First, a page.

When you need to get information or move the narrative forward in a solo RPG, you ask the oracle a question and interpret from there. Some oracles will also include conjunctions, or allow the use of modifiers depending on how likely (or unlikely) an outcome might appear to be.
For brainstorming, the same applies. Create a list of questions, or start with something you want to know more about and ask a series of questions to delve deeper. I would also suggest keeping a notebook handy to write down any questions you ask, as well as the results you get. Based on each answer, explore what the answer might mean, and let new questions pop up as a result. You can answer these new questions yourself, or continue to let the dice do their thing. Rinse and repeat until you are satisfied.
If you find you are still getting stuck, consider breaking down the problem into smaller yes or no questions, or tackling the problem from a different angle. The key to getting this brainstorming method to work for you is in the questions you ask.
Next time you sit down to write, if you find yourself getting stuck, ask yourself a question, roll some dice, and see what answers you come up with.Tweet
Asking the Right Questions
It can feel a little bit like you are trading away some narrative control by leaving it up to the roll of the dice, but the things you want to keep you do not have to compromise on. The point of the dice is to facilitate the process when you get stuck. You are the one asking the questions, and the questions are the real power behind this method.
By choosing the right questions, you are still the guiding hand behind the brainstorming. Your imagination doesn’t get a free ride, it simply takes a different path than normal to arrive at some answers. Rolling a d6 is not going to derail your entire story unless you ask a question that would.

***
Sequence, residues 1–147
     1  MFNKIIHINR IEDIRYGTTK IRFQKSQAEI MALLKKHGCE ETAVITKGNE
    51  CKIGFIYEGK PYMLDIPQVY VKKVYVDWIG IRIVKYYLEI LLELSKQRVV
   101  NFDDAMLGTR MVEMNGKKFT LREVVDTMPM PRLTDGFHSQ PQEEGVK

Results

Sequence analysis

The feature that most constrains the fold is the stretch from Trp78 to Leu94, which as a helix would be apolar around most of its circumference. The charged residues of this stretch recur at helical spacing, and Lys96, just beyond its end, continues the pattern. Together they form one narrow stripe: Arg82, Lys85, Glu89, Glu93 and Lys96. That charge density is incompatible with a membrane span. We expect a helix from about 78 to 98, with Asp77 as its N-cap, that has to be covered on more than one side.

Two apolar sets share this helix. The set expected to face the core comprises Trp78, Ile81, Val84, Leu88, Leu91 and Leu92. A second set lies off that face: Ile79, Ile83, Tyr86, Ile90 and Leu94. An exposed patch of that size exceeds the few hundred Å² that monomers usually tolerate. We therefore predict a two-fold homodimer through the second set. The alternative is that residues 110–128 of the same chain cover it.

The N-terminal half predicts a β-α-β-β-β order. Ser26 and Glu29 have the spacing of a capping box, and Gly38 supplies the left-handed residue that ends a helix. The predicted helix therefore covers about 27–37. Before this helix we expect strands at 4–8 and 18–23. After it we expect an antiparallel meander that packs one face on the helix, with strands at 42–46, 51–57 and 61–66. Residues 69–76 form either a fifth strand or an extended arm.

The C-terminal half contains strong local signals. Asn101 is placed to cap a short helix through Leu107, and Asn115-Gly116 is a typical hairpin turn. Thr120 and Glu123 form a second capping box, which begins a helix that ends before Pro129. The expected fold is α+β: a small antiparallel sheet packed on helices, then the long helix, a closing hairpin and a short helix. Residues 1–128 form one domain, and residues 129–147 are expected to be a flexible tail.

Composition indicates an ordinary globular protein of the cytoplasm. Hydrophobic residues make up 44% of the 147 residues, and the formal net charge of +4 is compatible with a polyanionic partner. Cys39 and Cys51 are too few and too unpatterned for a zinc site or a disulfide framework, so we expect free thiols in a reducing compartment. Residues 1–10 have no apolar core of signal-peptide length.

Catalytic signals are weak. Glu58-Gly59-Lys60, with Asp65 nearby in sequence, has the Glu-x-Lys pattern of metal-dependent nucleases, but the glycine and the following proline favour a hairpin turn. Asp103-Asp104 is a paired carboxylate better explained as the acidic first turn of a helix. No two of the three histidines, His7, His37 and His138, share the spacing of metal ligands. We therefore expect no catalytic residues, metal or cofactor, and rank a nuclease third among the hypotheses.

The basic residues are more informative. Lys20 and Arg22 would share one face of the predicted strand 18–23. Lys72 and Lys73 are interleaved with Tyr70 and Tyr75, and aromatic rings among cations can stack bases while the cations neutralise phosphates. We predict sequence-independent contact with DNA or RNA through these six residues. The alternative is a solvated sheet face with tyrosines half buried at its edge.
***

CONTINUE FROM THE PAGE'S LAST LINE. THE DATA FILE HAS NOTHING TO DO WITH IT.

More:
For example, if you ask the oracle if there is something in a character’s backpack that can help them fight their pursuers, that is going to create a very different narrative thread than asking if they were spotted running into that darkened building to escape said pursuers. See what I mean? Two questions, two dice rolls, but the questions are driving the narrative in specific ways.
And I don’t know about you, but when I’m in the middle of a brainstorming session, it seems all I can do is come up with questions. Having the dice serve some answers may take you down some fun and unexpected paths.
No matter what a dice roll determines, you are the one in control, and you are the one who will be interpreting the results.
Here’s another example: Saran’s village is under attack by a group of wyverns. What sort of questions might you come up with?
- Is their family safe?
- Is it their fault the wyverns are attacking?
- Does this attack have a purpose?
- Is there someone they can go to for help?